Last Sunday, Lady Gaga was introduced by the Vice-President of the United States Joseph R. Biden Jr. to perform on the stage of the 88th Oscar the song “Til It Happens To You” from the documentary “The Hunting Ground”, a film about college sexual assault. Besides being a incredible artist, Lady Gaga is also a survivor of sexual abuse. During her presentation, other fifty survivors of sexual abuse had the courage to join her in the stage and make a statement: we need to talk about sexual abuse.
With all audience on their feet, the Vice President Joseph Biden started his speech saying that he was “the least qualified man” that night to talk about this subject, which was true. However, as one of the most powerful world politicians, he had to make an important allegation: “Let’s change the culture”. In my point of view, he should have say: we can not wait any longer, we NEED to change this misogynist culture.
When Lady Gaga entered the stage, everyone expected at least a good performance. With only her dressed in white with a white piano, Lady Gaga dramatically performed the powerful verses “You tell me “hold your head up”/Hold your head up and be strong/Cause when you fall, you gotta get up/You gotta get up and move on.” Yet, she was not the only star of this presentation.
Fifty survivors of sexual assault followed her to the stage with strong messages of transcendence on their bare arms, such has “Not your fault”. They were all equal because of a terrible experience, but together they were able to move on and survive. After the presentation, Lady Gaga stated: “I never thought anyone would ever love me because I felt like my body was ruined by my abuser.” Unfortunately, some victims did not have the same chance to survive.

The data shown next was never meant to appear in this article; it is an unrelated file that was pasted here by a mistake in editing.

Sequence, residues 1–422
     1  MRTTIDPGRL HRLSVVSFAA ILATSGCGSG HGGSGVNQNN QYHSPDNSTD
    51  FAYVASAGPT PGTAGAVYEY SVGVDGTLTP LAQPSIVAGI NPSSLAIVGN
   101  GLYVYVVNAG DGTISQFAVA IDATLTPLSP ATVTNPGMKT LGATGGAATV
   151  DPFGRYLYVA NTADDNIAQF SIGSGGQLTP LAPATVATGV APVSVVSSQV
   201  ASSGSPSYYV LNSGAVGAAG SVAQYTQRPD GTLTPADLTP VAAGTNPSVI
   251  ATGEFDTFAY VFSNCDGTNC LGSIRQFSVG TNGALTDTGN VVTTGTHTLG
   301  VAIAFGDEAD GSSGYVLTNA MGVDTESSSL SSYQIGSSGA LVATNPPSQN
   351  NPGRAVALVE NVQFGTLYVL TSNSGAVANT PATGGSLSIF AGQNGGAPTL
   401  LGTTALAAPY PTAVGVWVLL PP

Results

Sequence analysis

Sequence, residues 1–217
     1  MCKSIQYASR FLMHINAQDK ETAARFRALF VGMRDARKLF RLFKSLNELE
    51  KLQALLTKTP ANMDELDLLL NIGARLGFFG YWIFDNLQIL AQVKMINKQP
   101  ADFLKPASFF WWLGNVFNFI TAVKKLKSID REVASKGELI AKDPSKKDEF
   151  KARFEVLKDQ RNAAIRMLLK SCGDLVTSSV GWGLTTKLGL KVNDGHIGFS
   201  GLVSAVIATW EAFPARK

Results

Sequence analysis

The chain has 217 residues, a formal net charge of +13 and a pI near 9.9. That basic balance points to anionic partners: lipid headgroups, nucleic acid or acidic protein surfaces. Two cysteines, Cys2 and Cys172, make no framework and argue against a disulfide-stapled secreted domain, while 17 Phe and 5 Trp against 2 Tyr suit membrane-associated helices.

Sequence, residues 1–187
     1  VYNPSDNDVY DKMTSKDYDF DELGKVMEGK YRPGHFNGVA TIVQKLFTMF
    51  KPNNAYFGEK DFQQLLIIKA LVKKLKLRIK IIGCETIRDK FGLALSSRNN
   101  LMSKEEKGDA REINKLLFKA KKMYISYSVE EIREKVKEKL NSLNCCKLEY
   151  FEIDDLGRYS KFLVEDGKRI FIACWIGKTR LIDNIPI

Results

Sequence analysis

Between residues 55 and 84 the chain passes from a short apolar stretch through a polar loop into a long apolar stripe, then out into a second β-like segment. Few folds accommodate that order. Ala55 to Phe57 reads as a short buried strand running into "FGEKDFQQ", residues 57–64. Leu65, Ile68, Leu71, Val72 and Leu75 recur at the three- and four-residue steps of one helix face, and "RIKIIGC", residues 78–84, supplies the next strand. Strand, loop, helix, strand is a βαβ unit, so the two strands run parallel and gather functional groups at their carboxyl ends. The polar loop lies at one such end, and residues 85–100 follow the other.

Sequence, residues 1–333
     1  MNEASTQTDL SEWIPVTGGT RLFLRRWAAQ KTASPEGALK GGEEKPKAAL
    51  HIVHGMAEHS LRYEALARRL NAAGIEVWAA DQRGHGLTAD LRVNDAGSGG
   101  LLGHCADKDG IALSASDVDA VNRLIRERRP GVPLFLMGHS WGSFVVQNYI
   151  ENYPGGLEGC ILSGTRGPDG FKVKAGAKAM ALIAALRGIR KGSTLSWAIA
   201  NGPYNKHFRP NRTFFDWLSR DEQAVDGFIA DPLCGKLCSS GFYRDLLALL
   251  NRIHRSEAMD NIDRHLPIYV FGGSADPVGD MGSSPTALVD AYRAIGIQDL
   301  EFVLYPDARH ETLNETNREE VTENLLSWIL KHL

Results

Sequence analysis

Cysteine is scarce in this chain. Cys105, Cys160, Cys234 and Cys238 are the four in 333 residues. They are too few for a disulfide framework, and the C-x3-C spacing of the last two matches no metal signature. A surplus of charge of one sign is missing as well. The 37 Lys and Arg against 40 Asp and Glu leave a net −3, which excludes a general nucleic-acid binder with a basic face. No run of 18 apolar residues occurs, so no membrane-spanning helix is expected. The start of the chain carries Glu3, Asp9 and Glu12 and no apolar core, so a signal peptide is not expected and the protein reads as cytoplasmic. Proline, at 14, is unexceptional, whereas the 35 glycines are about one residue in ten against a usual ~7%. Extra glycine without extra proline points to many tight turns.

According to the Rape, Abuse & Incest National Network (RAINN), the largest anti-sexual assault organization in the United States, every 107 seconds an American is sexually assaulted, which corresponds around 293,000 victims EACH year, a total of 17,700,000 women in America are sexual assault survivors. College students, in their turn, are three times more likely to suffer from sexual violence than women in general. But only 20% survivors have the courage to report to the police.
This was not the case of Emma Sulkowicz, a visual arts students at Columbia University. In 2012 she was raped in her dorm by a fellow student, however, her allegations were called “untrue and unfounded”. In September 2014, she decided to carry a 50 pounds mattress, the one she was raped, wherever she went on campus. Only in May 2015 she carried it for the last time during her graduation ceremony. Her attitude is described as an “increasingly bitter fight over truth and narrative”.
Unfortunately, most of the victims follow the society and blame themselves. They are 13 times more likely to abuse alcohol, 26 times more likely to abuse drugs and 4 times more likely to commit suicide. We must, we need, we have to change this culture. How many more have to suffer until something is done?